Advanced Computer Systems project

Remote task loading for CC-1350

Ofir Cohen / Dima Kuznetsov, Fall 2018


The main goal of our project is to allow a developer to push new code to the board over the air (Bluetooth Low Energy). The rationale behind this project was to allow downloading updates of the sensor software and swapping out one type of software with another.

In both cases, the objective is to replace only part of the software (i.e. one or several tasks) without changing the whole operating system. This serves both to avoid big updates, and to reduce complexity of the update process (e.g. cannot re-flash OS while it is running). Finally, the latter, allowing to swap out sensor software, can be seen as a first step to creating an ecosystem where people write simple snippets of code, share them, and then, the mechanism can combine those and deploy them on the board.

Project overview

In our project we started with the TI’s simple peripheral example bundled with CC1350 SDK. In our solution, we assumed that as long we only add application code, we don’t need to modify the OS / drivers code.


Initially when you start developing your app you would:

Then once you want to update the replaceable code, you:

Linker changes (and ota_app/ directory)

We introduced 2 changes to the linker process:

  1. Pre-link step (during the build)
  2. Linker configuration file customization (cc26xx_app.cmd)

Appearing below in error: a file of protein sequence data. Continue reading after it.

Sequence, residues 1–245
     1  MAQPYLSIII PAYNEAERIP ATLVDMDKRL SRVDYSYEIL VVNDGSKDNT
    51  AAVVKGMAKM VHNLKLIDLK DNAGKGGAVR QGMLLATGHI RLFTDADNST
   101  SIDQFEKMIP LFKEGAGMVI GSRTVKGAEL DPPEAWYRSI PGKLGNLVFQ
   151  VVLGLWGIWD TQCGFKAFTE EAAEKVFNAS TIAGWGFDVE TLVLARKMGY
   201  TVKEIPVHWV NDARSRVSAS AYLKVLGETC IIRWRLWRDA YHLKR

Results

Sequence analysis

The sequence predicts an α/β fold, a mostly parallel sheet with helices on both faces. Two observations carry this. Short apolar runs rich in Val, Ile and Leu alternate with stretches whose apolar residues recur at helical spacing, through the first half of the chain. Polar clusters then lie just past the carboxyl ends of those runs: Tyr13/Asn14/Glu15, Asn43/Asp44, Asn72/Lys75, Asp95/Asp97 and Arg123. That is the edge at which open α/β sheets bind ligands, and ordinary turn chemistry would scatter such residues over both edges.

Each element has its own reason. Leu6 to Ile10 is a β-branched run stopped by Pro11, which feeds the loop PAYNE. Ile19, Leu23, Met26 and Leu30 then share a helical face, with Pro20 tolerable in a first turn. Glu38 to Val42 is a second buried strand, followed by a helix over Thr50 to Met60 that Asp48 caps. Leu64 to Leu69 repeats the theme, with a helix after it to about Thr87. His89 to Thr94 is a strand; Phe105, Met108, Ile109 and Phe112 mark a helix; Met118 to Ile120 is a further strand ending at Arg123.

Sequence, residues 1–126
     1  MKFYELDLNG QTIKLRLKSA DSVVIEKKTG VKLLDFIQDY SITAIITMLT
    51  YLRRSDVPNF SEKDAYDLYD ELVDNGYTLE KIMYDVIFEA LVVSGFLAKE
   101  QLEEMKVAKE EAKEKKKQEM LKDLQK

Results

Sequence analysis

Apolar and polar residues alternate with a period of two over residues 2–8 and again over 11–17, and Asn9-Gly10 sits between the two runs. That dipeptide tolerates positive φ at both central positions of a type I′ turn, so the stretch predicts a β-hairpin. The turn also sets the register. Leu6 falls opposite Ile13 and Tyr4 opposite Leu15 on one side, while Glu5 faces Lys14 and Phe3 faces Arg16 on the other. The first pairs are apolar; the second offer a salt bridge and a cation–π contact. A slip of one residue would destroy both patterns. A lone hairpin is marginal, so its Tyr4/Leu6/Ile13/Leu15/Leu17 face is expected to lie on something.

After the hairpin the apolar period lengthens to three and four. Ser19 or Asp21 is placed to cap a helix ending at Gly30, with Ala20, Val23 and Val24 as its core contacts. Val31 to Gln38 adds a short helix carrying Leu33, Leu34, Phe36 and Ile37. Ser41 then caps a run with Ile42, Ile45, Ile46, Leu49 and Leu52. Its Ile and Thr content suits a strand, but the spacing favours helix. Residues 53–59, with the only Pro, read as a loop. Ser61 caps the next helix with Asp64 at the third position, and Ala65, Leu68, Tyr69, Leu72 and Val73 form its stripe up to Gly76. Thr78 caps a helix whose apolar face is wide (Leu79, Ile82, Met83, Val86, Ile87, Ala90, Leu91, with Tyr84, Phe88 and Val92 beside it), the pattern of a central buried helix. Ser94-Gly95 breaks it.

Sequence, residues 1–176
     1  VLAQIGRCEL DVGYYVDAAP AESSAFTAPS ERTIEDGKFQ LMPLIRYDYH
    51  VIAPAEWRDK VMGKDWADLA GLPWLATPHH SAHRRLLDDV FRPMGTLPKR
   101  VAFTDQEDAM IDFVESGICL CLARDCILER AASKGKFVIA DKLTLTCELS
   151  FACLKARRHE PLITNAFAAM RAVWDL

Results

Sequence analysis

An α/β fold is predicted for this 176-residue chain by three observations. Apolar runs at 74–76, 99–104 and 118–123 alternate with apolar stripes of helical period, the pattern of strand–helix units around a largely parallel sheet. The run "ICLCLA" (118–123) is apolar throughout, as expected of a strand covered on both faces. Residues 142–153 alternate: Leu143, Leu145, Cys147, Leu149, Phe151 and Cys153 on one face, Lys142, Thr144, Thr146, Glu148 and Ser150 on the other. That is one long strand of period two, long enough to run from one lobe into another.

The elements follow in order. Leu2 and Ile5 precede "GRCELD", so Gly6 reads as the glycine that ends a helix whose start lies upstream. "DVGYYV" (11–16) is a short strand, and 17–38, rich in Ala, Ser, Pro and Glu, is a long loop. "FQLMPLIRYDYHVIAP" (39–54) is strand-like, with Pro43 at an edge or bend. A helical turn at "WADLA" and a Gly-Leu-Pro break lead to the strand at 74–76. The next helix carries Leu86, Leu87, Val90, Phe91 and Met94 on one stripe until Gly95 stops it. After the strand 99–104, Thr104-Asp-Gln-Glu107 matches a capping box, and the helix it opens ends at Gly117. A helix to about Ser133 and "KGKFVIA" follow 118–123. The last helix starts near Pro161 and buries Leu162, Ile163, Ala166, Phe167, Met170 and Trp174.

3. Post-link step (during the build)
    see “Extracting OTA image” sub-section  below.

Pre-link step

In our solution we added a new directory to the project. This is the directory that was designated to hold the replaceable code. All the elements (functions, variables, etc) derived from the code are marked in a way that allows easy extraction into an image that can be used for the OTA process.

During the build process, after all the sources are compiled into object files, we perform a pre-linker processing step, namely the following actions:

In this stage we rename .text / .data / .bss / .const  and other sections to their new names starting with .ota.

Linker configuration file customization

The modified simple peripheral project contains a modified version of the linker command file, that places the .ota sections separately (i.e. in separate memory regions) from their regular counterparts. See more in the next sub-section.

Memory Map Changes

After marking all ota_app/* code with custom sections, we updated the linker mapping file to separate the regular sections from the .ota.* sections. To achieve this, we:

This forces the linker to place all .ota.* contents at specific addressed, and, just as important, avoid placing the non-OTA code at addresses designated to the OTA code. The latter allows us to erase the OTA region without breaking the rest of the image.

Following is the modified memory layout of the board flash:

In this new layout, the OTA region is introduced. This region contains 2 OTA zones:

Each OTA zone is composed of 2 parts, the binary part, as generated by the project build process and extracted from the project binary, and the metadata, containing information on how relocate and launch the binary part. Here’s a short outline of the metadata structure:





OTA generation (increasing ordinal number)



Offset of the entrypoint function in the zone’s binary region

void fn (void)


Length of the binary region



Vector of relocations to be done from the binary region into the SRAM memory

struct ota_load